Condominium life doesn’t get put on hold during a worldwide health crisis: if anything, clear communication and nimble decision-making become paramount when the global situation and business landscape can change hour by hour. Add to the mix the spring AGM season and the challenges may seem insurmountable.

Enter virtual meetings: in this emergency, the infrastructure that developed in recent decades has stepped into the breach. When stakeholders can’t be in the same room, connecting remotely is an excellent alternative that still enables all parties to engage and collaborate — even face-to-face — without missing a beat. Typically, the Ontario condominium legislation permits digital or electronic board meetings (e.g., by video or teleconference) as long as all directors consent and are able to communicate at the same time. However, the legislation was recently amended (as of April 24, 2020) to allow board meetings to be called and held virtually, even if not all directors consent.  It also allows for AGMs to be held virtually, regardless of what the corporation’s by-law permits.

From the tens of thousands of hours of in-person and virtual meetings Minutes Solutions has serviced, we have come away with some insights about remote communication:

  • The Difference Between Videoconferencing and Teleconferencing: Most organizations that are accustomed to working with their teams in-person prefer videoconferencing over audio-only calls. Video isn’t difficult to use and it more easily facilitates social learning and focus even while working remotely. It can also be preferable for tallying votes when a motion is presented at a meeting and for keeping track of who says what. But make no mistake, making decisions and taking action by teleconference are still preferable over not acting at all merely because an in-person meeting isn’t possible.
  • The Top Platforms — Zoom vs. Google Meet vs. GoToWebinar: All three platforms can support dozens of attendees at a time, enable screen sharing, and offer good connectivity. All that’s needed are a decent Internet connection and a functional device. Zoom is easy-to-use, intuitive, and simple to schedule. Google Meet is a smooth transition for users of other Google products. GoToWebinar is the best tool for polls, voting, and obtaining attendee reporting/analytics (better for AGMs, not board meetings).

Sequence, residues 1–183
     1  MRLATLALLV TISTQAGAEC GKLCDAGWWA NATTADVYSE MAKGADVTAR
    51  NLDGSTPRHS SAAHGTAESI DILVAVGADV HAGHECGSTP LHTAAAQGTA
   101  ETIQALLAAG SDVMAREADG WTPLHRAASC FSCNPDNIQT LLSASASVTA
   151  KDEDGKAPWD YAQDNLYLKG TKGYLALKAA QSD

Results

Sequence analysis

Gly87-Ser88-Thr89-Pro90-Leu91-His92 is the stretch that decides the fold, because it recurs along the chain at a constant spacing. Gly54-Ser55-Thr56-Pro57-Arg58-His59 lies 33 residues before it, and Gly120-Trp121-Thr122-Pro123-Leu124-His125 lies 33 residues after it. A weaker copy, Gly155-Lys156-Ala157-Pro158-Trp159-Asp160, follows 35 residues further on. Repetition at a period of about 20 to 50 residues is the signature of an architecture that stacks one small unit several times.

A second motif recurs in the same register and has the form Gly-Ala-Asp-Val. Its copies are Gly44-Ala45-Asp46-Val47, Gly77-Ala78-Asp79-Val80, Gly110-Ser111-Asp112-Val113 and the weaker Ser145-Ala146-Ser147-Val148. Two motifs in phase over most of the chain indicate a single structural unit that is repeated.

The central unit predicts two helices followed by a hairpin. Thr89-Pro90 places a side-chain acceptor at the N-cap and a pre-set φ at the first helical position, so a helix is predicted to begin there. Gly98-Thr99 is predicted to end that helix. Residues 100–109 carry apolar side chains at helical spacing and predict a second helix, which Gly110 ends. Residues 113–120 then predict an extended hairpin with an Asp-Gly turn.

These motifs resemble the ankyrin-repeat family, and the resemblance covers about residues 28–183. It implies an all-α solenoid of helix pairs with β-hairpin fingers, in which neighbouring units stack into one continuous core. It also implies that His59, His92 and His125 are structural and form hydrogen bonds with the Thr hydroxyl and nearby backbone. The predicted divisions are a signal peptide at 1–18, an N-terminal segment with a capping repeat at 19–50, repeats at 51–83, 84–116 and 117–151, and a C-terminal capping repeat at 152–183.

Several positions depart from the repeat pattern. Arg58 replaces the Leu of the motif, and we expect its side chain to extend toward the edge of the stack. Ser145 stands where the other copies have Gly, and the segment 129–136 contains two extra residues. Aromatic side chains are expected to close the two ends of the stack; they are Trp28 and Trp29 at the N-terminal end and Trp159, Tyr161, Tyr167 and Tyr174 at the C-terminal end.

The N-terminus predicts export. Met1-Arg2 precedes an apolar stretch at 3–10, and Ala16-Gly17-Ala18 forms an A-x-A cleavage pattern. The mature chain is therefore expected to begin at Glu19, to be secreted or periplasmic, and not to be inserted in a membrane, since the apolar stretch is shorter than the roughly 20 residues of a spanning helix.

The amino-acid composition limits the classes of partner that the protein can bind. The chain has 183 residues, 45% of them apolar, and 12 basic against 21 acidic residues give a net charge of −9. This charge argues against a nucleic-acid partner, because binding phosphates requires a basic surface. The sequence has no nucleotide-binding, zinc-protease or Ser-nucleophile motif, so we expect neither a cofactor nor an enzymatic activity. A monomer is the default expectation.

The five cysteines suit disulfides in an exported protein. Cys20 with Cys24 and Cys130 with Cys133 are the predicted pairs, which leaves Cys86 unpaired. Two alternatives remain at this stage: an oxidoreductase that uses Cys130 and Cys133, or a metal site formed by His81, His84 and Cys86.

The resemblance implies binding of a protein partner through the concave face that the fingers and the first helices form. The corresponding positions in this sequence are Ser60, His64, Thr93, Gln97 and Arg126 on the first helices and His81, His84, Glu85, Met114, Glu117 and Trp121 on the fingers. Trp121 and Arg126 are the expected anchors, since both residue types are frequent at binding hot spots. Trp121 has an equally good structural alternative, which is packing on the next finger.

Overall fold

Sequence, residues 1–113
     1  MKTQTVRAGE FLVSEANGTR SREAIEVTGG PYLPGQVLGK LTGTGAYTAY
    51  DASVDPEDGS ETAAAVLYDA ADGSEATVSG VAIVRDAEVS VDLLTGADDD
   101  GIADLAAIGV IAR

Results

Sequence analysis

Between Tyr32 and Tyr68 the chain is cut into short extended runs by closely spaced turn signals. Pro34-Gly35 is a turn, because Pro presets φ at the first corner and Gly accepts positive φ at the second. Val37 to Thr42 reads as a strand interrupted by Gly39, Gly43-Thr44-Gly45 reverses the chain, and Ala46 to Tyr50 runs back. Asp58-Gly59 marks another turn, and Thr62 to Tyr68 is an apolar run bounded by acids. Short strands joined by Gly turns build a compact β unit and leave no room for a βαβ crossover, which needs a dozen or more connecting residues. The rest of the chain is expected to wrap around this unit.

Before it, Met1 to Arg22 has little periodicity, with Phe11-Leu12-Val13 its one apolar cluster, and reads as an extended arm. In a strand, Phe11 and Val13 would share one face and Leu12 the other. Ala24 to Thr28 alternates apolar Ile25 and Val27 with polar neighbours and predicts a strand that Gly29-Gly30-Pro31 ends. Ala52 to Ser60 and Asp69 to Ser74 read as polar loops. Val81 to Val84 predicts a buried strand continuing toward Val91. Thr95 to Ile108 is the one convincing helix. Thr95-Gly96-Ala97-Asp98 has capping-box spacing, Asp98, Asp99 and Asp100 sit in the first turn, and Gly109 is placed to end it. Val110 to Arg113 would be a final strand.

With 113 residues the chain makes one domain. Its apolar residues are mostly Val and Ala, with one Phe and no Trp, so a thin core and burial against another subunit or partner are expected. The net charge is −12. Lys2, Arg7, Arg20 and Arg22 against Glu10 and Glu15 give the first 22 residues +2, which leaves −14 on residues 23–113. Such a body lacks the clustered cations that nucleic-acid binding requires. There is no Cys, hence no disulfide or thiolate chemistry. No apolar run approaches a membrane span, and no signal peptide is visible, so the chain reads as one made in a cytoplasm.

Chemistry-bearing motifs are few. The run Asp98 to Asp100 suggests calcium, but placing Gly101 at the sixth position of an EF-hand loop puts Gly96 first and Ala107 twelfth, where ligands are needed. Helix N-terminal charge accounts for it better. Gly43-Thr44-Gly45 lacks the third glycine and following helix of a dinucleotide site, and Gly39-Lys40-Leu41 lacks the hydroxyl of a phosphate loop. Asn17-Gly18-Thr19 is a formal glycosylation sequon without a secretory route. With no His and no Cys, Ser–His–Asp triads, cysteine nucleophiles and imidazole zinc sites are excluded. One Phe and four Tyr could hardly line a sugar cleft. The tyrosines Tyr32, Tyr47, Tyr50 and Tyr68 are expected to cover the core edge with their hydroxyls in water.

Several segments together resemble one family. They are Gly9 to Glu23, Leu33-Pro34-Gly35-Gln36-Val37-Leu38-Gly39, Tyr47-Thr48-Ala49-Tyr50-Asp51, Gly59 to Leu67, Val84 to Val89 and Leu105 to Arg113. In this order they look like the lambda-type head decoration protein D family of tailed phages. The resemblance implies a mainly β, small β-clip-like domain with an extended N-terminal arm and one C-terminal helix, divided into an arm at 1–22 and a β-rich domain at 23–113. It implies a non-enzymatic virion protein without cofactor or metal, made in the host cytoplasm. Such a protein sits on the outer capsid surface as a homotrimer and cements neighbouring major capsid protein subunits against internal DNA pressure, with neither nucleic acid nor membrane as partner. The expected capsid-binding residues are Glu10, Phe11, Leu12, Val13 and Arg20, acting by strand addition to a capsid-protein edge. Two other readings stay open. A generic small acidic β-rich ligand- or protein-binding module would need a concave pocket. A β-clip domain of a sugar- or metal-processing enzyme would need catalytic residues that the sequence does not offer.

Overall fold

• Your Recording Secretary Can Still Attend Your Meeting Virtually: As always, proper documentation creates continuity for a corporation as it navigates all the decisions and tasks involved in managing a condominium. Your minute taker can log-in or dial-in to take minutes live, or can complete the minutes offline from a recording. All the above videoconferencing options can also record your meeting; if you go this route, make sure your team consents to your policies for recorded meetings and understands the privacy considerations.

While it’s true there can be an initial learning curve in adapting to new technology, the pandemic has highlighted the convenience and efficiency of virtual meetings, not just when social distancing is required. When calmer times return, remote, live communication will complement in-person meetings, and may even replace them in some situations.

Virtual solutions expand the business landscape by offering further options for following best practices in condominium management and for tackling new challenges creatively and collaboratively.

Can Unit Owners Examine Opinions or Invoices from the Condominium’s Lawyer?

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Owners are entitled to examine records of the condominium. Subsection 55(3) of the Condominium Act, 1998, gives owners the right to examine or obtain copies of the condominium’s records, subject to certain limits described in subsection 55(4). Subsection 55(4) excludes certain records, including records related to other owners or units and records “relating to actual or contemplated litigation”. These provisions are designed to balance the competing interests of the owners and protect the condominium’s interests. Continue reading